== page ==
References of "Journal of Technology Transfer"
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See detailHow Much Does It Cost to be a Scientist?
Balsmeier, Benjamin UL; Pellens, Maikel

in Journal of Technology Transfer (2016), 41

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See detailAbsorptive Capacity and Post-Merger Inventor Productivity
Hussinger, Katrin UL

in Journal of Technology Transfer (2012)

Inventors often experience a low productivity after their company has been subject to a merger or acquisition (M&As). It is of central managerial interest to identify factors facilitating the integration ... [more ▼]

Inventors often experience a low productivity after their company has been subject to a merger or acquisition (M&As). It is of central managerial interest to identify factors facilitating the integration of new inventive staff and thereby counteracting innovation declines after M&As. This paper provides empirical evidence into the role of acquiring firms’ absorptive capacity for the post-merger patent productivity of the acquired inventors. Based on a sample of 544 inventors employed by European acquisition targets in the period 2000–2001 it is shown that the post-merger productivity of acquired inventors is significantly higher within acquiring firms with a distinct absorptive capacity. It can be concluded that absorptive capacity is a firm capability that enhances the integration of inventors after firm takeovers. [less ▲]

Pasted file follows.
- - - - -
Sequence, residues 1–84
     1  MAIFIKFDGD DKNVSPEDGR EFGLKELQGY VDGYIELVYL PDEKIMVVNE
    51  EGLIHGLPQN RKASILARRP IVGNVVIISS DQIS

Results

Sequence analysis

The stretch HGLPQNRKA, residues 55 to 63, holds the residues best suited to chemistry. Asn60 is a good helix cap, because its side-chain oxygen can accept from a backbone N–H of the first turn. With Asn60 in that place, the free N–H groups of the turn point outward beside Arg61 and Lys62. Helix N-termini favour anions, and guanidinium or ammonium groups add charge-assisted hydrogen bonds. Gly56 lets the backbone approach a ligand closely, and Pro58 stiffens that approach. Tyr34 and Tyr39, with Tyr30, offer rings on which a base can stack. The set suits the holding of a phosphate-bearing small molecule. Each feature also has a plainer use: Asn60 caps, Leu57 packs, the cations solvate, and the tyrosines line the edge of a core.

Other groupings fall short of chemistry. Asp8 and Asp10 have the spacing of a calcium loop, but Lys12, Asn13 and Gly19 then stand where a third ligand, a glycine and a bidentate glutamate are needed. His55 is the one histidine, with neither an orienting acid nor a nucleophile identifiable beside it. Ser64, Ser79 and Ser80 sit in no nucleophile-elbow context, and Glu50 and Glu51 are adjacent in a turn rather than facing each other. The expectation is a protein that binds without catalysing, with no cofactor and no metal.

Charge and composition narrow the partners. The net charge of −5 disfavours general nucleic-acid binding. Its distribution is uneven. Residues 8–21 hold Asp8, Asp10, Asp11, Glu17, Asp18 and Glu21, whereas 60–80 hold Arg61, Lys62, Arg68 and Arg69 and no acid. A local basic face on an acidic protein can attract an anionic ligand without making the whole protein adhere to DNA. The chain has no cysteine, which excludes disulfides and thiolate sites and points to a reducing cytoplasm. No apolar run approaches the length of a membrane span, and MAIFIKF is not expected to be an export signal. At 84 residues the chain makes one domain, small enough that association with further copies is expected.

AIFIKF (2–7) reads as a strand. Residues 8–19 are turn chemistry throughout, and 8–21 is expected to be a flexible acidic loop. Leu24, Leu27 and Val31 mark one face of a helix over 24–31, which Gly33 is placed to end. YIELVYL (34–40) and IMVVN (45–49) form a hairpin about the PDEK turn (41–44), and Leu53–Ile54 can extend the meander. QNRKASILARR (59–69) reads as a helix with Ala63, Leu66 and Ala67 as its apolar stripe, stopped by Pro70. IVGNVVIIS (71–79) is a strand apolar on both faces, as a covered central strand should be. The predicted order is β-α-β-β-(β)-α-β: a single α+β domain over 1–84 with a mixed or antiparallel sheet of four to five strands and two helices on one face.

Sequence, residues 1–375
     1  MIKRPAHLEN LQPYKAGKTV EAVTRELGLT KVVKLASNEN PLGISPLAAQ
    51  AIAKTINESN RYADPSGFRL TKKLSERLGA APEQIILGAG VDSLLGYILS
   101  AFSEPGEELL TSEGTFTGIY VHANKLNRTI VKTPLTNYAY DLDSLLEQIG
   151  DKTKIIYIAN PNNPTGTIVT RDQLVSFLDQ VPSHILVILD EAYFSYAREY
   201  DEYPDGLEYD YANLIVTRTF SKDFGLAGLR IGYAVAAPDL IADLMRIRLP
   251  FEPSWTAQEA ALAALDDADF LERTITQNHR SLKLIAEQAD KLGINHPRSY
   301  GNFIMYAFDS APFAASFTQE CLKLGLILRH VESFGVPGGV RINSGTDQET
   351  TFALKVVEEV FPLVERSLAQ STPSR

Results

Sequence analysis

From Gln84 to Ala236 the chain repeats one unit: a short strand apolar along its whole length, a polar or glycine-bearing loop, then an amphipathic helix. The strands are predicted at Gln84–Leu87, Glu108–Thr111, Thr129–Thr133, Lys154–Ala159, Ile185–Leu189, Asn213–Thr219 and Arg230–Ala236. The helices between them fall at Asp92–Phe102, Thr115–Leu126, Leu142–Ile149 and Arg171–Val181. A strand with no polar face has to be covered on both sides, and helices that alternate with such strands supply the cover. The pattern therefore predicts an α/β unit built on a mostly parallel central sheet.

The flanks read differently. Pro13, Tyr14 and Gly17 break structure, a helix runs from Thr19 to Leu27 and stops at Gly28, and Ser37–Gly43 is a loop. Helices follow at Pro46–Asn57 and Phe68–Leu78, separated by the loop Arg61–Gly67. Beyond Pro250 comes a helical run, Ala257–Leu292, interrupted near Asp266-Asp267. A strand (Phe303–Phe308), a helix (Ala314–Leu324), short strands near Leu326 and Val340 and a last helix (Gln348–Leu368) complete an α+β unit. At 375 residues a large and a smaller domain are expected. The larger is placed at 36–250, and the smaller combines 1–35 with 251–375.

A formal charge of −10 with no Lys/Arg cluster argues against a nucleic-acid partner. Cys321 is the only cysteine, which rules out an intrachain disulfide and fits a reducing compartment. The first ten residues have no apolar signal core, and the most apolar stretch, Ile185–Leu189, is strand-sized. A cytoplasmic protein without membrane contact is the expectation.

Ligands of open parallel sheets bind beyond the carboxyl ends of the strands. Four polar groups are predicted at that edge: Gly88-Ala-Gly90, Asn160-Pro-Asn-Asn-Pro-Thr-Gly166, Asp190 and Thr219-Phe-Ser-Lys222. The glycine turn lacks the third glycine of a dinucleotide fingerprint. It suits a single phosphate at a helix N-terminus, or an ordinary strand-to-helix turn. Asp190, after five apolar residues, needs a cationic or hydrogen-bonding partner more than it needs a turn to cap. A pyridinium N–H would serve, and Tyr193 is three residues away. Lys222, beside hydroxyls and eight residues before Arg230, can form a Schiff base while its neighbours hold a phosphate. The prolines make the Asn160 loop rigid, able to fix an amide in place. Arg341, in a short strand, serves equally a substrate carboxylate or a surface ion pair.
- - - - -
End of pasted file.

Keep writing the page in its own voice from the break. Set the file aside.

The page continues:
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See detailThe Nexus between Science and Industry: Evidence from Faculty Inventions
Czarnitzki, Dirk; Hussinger, Katrin UL; Schneider, Cedric

in Journal of Technology Transfer (2012)

Knowledge transfer from science to industry has been shown to be beneficial for the corporate partner. In order to get a better understanding of the reasons behind these positive effects, this study ... [more ▼]

Knowledge transfer from science to industry has been shown to be beneficial for the corporate partner. In order to get a better understanding of the reasons behind these positive effects, this study focuses on the junction of science and industry by comparing characteristics of academic inventions that are transferred to industry and those staying in the public sector. Academic inventions are identified via patent applications of German academic scientists. We find that academic patents assigned to corporations are more likely to enable firms reaping short term rather than, possibly more uncertain, long-run returns, in contrast to patents that stay in the public sector. Firms also strive for academic inventions with a high blocking potential in technology markets. Academic patents issued to corporations appear to reflect less complex inventions as compared to inventions that are patented by the public science sector. [less ▲]

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